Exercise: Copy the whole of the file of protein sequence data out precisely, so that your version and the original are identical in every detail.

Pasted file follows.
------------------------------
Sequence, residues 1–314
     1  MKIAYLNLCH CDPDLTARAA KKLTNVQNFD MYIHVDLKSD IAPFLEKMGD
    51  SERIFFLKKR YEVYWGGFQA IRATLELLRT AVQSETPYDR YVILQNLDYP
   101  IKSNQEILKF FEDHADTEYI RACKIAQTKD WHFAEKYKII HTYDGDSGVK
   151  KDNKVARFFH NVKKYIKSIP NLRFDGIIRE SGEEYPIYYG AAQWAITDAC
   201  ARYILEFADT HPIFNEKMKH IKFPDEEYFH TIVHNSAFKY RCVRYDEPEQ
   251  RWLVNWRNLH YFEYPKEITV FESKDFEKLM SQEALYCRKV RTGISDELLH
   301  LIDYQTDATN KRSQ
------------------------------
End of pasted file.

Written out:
Sequence, residues 1–314
     1  MKIAYLNLCH CDPDLTARAA KKLTNVQNFD MYIHVDLKSD IAPFLEKMGD
    51  SERIFFLKKR YEVYWGGFQA IRATLELLRT AVQSETPYDR YVILQNLDYP
   101  IKSNQEILKF FEDHADTEYI RACKIAQTKD WHFAEKYKII HTYDGDSGVK
   151  KDNKVARFFH NVKKYIKSIP NLRFDGIIRE SGEEYPIYYG AAQWAITDAC
   201  ARYILEFADT HPIFNEKMKH IKFPDEEYFH TIVHNSAFKY RCVRYDEPEQ
   251  RWLVNWRNLH YFEYPKEITV FESKDFEKLM SQEALYCRKV RTGISDELLH
   301  LIDYQTDATN KRSQ